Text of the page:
Henrietta Lacks
Henrietta Lacks (Courtesy of The Henrietta Lacks Foundation)

A new interdisciplinary building to be constructed in 2020 on the campus of Johns Hopkins University’s East Baltimore campus will be named in honor of Henrietta Lacks, a poor Black tobacco farmer whose cells were taken without her knowledge.

Lacks, a Roanoke, Va., native, came to Johns Hopkins for cancer treatment in 1951, and after taking a sample of her cancer cells, researchers discovered that where other cells would die, Lacks’ cells survived, and the number of cells would double on a daily basis. As a result, Lacks became one of the most important tools in medicine, with her cells being used for developing the polio vaccine, cloning, gene mapping, in vitro fertilization, and more – including AIDS research.

In 2013, Johns Hopkins worked with members of the Lacks family and the National Institutes of Health to help broker an agreement that requires researchers to get permission to use her genetic blueprint in NIH-funded research. Today, the NIH committee includes two members of the Lacks family.

Lacks’ new namesake building will support programs that enhance participation and partnership with members of the community in research that can benefit the community. It will also create opportunities to study and promote research ethics and community engagement in research.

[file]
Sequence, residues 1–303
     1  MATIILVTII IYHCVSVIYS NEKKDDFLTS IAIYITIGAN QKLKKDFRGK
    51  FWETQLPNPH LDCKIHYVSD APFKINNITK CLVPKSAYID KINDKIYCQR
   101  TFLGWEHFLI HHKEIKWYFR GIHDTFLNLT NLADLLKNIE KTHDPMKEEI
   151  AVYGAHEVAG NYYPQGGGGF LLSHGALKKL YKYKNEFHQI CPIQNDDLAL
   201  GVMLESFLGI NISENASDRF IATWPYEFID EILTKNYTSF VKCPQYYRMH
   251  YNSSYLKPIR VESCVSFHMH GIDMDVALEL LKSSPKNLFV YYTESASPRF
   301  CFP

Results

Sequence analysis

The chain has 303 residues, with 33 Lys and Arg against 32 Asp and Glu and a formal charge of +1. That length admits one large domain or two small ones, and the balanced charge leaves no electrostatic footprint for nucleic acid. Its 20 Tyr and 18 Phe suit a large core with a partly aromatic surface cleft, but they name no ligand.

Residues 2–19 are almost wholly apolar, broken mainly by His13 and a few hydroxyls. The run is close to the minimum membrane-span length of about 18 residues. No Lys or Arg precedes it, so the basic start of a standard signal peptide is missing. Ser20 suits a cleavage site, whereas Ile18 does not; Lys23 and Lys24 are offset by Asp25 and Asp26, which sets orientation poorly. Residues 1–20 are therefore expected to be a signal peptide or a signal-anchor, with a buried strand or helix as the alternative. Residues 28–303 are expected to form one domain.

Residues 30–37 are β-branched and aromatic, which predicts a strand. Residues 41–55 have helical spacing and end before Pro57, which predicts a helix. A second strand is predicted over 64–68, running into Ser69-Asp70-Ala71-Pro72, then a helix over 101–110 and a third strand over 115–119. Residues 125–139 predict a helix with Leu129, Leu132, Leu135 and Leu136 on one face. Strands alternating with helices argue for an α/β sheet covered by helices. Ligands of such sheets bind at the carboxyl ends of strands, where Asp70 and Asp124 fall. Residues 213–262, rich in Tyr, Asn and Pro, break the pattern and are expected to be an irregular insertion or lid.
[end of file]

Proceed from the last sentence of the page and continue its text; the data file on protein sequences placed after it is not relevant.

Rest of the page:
“This building will be a place that stands as an enduring and powerful testament to a woman who not only was the beloved mother, grandmother, and great-grandmother to generations of the Lacks family, but the genesis of generations of miraculous discoveries that have changed the landscape of modern medicine and that have benefited, in truth, the much larger family of humanity,” said Johns Hopkins President Ronald Daniels.

WI Guest Author

This correspondent is a guest contributor to The Washington Informer.

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